Child Carers provide care and supervision for children in residential homes and non-residential childcare centres.
assisting in the preparation of materials and equipment for children's education and recreational activities
managing children's behaviour and guiding children's social development
preparing and conducting activities for children
entertaining children by reading and playing games
supervising children in recreational activities
supervising the daily routine of children
supervising the hygiene of children
Vocational Education and Training (VET)
Informal or on-the-job
JSA produces employment projections to show where likely future job opportunities may be. The latest data are for the five years from November 2021 to November 2026. Over this period, the number of workers:
- is expected to grow moderately
- is likely to reach 142,100 by 2026.
Source: Jobs and Skills Australia Employment Projections to 2026.
Notes: The number employed includes people who work in this occupation as their main job. People who work in more than one job are counted against the occupation they work the most hours in.
Employment projections figures are rounded to the nearest 100. Calculations based on these rounded figures may result in differences to the numbers that are displayed on this page. Employment projections data (including occupations) can be downloaded from the Employment Projections page.
Number of Workers
Source: ABS Labour Force Survey, ABS seasonally adjusted data to November 2021 and Jobs and Skills Australia Employment Projections to 2026.
Earnings and hours
Around 47% of people employed as Child Carers work full-time hours, in all their jobs combined. This is 19 percentage points below the all jobs average (66%).
Full-time workers work an average of 41 hours per week in their main job. This is similar to the all jobs average (44 hours per week).
Median full-time earnings are $1,059 per week, this is much lower than the all jobs median ($1,593):
- 3 in 4 workers earn more than $973
- 1 in 4 earn more than $1,210
Median hourly earnings are $28, this is lower than the all jobs median ($41 per hour).
Sources: Full-time share and full-time hours: ABS, 2016 Census, customised report. Compared to the all jobs average. Full-time median earnings and median hourly earnings: ABS, Survey of Employee Earnings and Hours, May 2021. Compared to all jobs median.
Weekly Earnings (Before Tax)
|Earnings||Child Carers||All Jobs Average|
Source: Based on ABS Survey of Employee Earnings and Hours, May 2021, Customised Report. Median weekly total cash earnings for full-time non-managerial employees paid at the adult rate. Earnings are before tax and include amounts salary sacrificed. Earnings can vary greatly depending on the skills and experience of the worker and the demands of the role. These figures should be used as a guide only, not to determine a wage rate.
Employment across Australia
Employment by State and Territory (% Share)
|State||Child Carers||All Jobs Average|
Around 62% of Child Carers live in capital cities, similar to the all jobs average of 62%.
The regions with the largest share of workers are:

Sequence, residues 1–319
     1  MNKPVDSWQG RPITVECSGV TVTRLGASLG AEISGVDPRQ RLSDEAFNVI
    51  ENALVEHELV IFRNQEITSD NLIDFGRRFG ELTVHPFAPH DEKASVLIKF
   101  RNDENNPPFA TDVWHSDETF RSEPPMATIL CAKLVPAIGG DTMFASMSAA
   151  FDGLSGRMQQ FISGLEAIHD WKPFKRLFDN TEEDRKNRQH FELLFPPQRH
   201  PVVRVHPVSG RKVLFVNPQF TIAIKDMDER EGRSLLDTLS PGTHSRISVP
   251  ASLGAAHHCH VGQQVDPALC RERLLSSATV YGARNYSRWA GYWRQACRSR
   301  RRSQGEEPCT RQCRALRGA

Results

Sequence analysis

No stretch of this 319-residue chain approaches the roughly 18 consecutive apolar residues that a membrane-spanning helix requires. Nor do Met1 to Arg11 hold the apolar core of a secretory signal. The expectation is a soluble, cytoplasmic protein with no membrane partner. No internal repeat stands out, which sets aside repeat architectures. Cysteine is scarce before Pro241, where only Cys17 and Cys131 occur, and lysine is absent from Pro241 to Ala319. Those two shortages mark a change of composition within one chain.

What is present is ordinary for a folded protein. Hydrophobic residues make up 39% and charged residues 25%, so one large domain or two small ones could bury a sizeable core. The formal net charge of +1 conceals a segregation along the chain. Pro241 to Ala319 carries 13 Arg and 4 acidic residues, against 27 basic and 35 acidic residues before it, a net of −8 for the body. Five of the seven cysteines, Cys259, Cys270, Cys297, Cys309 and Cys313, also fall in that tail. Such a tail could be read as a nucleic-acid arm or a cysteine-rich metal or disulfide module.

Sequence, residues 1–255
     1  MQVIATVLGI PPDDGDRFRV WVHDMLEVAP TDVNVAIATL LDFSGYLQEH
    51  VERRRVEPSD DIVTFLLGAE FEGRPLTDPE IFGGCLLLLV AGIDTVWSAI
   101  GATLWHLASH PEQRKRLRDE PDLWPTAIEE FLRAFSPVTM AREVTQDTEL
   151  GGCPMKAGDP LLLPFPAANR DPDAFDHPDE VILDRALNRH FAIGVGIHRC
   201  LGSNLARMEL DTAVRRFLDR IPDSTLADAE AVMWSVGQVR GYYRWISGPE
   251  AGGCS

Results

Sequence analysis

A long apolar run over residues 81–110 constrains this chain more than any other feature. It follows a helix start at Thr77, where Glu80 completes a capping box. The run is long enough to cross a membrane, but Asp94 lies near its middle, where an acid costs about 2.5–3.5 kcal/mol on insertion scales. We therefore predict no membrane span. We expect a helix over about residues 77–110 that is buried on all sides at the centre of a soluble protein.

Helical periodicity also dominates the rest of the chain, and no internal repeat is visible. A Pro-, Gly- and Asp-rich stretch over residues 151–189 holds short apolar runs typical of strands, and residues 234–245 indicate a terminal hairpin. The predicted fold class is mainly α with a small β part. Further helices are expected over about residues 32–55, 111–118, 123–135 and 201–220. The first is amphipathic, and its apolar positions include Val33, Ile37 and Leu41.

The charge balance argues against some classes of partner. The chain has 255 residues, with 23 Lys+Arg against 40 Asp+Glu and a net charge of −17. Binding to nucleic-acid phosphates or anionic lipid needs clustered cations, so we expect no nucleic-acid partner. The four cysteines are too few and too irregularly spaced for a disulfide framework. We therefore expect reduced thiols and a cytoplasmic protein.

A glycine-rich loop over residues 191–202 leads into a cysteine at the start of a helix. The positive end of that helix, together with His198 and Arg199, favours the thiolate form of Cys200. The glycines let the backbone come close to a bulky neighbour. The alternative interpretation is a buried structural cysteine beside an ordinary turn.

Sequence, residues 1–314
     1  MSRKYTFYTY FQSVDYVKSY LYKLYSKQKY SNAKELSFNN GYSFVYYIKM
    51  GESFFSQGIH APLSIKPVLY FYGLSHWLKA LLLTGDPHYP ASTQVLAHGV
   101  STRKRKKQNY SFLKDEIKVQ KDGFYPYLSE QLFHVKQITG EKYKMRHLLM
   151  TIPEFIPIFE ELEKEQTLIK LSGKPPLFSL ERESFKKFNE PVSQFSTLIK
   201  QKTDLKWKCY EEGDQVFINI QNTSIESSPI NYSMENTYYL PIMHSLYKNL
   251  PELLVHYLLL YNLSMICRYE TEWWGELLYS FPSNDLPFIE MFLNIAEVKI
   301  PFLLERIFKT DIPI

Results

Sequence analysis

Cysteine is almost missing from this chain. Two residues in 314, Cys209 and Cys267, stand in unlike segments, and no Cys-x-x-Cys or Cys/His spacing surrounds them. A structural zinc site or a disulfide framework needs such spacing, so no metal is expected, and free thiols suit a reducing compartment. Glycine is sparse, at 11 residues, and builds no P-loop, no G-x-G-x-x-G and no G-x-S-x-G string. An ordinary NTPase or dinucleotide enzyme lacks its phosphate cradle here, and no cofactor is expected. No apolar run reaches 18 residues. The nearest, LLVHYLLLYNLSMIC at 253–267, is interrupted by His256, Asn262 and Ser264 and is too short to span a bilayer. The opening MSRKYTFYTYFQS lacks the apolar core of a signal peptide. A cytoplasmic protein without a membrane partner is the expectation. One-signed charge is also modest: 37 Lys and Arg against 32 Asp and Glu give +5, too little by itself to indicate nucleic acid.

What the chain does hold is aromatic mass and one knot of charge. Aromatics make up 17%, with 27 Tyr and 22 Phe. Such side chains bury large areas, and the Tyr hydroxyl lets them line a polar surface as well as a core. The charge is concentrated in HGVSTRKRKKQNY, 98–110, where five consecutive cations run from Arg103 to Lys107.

Source: Based on ABS Census 2016, Customised Report. Share of workers across Australian states, territories and regions, in this job compared to the all jobs average.
Age and gender
The median age of Child Carers is 33 years. This is younger than the all jobs average of 40 years.
A large share of workers are aged 25 to 34 years.
Females make up 95% of the workforce. This is 47 percentage points above the all jobs average of 48%.
Source: Based on ABS Census 2016, Customised Report. Age profile and gender share compared to the all jobs average.
Age Profile (% Share)
|Age Bracket||Child Carers||All Jobs Average|
|65 and Over||1.4||4.2|
Source: Based on ABS Census 2016, Customised Report. Age profile of workers in this job compared to the all jobs average.
Education, training and experience
A certificate III in early childhood education and care is usually needed to work as a Child Carer. This course is often completed as part of an apprenticeship.
- My Skills to compare Vocational Education and Training (VET) courses, providers and student outcomes.
- AAPathways website to explore Community Services VET training pathways.
Highest Level of Education (% Share)
|Type of Qualification||Child Carers||All Jobs Average|
|Post Graduate/Graduate Diploma or Graduate Certificate||8.9||10.1|
|Year 10 and below||4.9||12.5|
Source: ABS Census 2016, Customised Report. Highest qualification completed by workers in this job (in any field of study). Qualifications needed by new workers might be different from the qualifications of workers already in the job.
Skills and Knowledge
Employers look for Child Carers who are caring, compassionate, empathetic, and interact well with others.
Skills can be improved through training or experience.
Understanding why people react the way they do.
Thinking about the pros and cons of different ways to solve a problem.
Keeping track of how well work is progressing so you can make changes or improvements.
Listening to others, not interrupting, and asking good questions.
Talking to others.
45%Coordination with others
Being adaptable and coordinating work with other people.
45%Judgment and decision making